“…she locks the car behind her. She hates the few moments between locked car and locked apartment.”

At the moment you realize that not all opportunities will avail themselves to you, how do you react? What do you do?

Both the stories in Kirstin Allio’s Clothed, Female Figure and Noah Baumbach’s movie Frances Ha capture individuals (yes, women, but men too) stumbling through a major life stage with the desire for the experience to be uniquely theirs, despite the ordinary nature of it. This is often a reflection of their own desire to be unique and special in some way, and the characters in both certainly are, despite the fact that some may not be charmed by their brand of peculiar.

That brand of peculiar looks precocious yet informed, the characters often far beyond and also far behind those around them at the same time.

Defining your identity in the midst of life is a major challenge; learning the difference between healthy interdependence and total absorption into the identity of another. “We’re basically the same person,” Frances says about her best friend throughout the movie, while a new mom becomes monomaniacal about her caregiving role in Allio’s collection. The dread of pure selfishness. The lure of allowing someone else’s identity to eclipse your own. Somehow there is no in between. The polarization of self appears to be a consequence of adult human relationships.

Somehow there is no in between. The polarization of self appears to be a consequence of adult human relationships. Click To Tweet

Though many of Allio’s women are more mature than 27 year-old Frances and her best friend, the shield of self-awareness does not leave them immune to these obstacles. Still, it’s freeing for those further along to realize that “…the loss of the fear of men was perhaps the single substantial perk of getting older.”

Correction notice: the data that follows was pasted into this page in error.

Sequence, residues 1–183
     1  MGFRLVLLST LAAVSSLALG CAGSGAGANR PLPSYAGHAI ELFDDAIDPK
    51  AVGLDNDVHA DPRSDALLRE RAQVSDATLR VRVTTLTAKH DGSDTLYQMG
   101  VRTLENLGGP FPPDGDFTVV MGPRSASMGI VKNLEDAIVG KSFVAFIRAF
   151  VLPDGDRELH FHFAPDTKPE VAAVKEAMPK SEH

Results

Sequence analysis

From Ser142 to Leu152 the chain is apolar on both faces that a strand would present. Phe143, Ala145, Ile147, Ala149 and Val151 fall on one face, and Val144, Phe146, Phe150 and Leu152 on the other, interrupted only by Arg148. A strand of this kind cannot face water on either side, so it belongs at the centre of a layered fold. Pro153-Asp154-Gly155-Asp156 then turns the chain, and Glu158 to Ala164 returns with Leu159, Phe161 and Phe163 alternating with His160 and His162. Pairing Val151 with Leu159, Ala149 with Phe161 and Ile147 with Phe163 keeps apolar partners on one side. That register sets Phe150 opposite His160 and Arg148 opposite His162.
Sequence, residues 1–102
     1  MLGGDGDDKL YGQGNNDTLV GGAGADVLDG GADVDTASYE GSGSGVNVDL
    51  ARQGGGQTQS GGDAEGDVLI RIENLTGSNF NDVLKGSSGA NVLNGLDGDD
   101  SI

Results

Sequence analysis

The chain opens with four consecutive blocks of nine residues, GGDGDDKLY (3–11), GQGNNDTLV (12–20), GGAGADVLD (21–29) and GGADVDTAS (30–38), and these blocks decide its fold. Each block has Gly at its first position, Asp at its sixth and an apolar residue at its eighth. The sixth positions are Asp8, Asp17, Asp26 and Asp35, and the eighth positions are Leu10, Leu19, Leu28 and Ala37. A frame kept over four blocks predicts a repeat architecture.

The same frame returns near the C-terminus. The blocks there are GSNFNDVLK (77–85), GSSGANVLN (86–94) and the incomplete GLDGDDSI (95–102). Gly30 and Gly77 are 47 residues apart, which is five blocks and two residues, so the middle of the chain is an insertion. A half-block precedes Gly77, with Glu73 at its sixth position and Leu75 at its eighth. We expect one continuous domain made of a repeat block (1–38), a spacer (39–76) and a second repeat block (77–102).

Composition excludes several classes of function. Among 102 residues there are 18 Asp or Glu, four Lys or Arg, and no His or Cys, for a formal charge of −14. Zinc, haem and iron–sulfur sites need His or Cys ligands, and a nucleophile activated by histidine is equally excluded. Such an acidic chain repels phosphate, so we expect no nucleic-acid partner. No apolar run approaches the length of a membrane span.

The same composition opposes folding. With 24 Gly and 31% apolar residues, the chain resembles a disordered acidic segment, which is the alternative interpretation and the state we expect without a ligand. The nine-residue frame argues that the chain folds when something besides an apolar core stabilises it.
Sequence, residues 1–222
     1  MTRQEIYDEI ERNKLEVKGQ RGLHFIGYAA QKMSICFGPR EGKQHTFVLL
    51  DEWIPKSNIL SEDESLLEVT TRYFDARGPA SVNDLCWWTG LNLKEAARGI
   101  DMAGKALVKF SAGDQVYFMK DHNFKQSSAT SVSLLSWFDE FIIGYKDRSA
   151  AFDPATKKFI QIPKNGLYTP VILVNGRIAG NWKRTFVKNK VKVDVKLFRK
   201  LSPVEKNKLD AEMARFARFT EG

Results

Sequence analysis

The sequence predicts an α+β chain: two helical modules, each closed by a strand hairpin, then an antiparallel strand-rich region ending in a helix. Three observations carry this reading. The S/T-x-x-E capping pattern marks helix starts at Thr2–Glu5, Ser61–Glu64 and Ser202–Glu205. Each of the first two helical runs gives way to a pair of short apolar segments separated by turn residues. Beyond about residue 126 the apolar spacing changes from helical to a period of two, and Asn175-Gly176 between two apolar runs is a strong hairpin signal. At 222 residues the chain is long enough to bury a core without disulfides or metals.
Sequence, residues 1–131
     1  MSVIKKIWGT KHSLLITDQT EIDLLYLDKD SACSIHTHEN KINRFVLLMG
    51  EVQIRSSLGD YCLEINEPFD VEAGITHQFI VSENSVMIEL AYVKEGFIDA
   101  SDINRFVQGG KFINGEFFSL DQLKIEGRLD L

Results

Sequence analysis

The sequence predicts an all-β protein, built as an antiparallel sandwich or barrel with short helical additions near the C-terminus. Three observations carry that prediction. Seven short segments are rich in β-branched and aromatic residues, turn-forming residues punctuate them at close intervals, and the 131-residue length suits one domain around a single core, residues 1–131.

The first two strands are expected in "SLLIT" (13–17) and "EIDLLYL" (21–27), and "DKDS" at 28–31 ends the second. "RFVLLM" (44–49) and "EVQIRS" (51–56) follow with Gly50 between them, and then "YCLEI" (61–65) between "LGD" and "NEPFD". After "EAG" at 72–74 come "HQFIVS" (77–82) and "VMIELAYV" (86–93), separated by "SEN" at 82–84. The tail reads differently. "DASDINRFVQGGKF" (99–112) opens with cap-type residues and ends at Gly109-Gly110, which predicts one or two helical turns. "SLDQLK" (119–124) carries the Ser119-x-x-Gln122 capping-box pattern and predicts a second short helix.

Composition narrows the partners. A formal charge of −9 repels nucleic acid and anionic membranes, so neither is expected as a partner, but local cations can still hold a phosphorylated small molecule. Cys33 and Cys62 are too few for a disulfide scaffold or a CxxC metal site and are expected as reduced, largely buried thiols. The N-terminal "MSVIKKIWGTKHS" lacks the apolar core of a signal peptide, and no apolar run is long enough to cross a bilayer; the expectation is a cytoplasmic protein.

Seemingly lacking the tools required to make macro-level decisions, the characters in both collection and movie have more than a knack for mining the minutiae. And so do their authors. Allio’s meticulous prose is overwhelmingly pleasant in its precision. Her word choice left me combing and re-combing sentences (I would say with painstaking attention but there was nothing painful about it).

The same enjoyable eye for detail is displayed in the witty, incredibly relatable quips of Frances Ha dialogue. A nod to Woody Allen’s Manhattan, the black-and-white scenes reflect a stark longing for unity in people and environment. It’s also a great contrast to the wonderful subtleties depicted in the dialogue.

In the face of these ordinary but no less traumatic life obstacles, you can become a clothed, female figure that’s utterly stagnant or you can continue somehow, fumbling along like Frances’ modern dance moves. Adapting leaves you stunted but not without human agency. You move forward and try to push past the awkwardness of that moving. Just like Frances Halladay writing her full name on the mailbox label for her new apartment and discovering it won’t fit. She folds it and makes it work, settling for “Frances Ha.”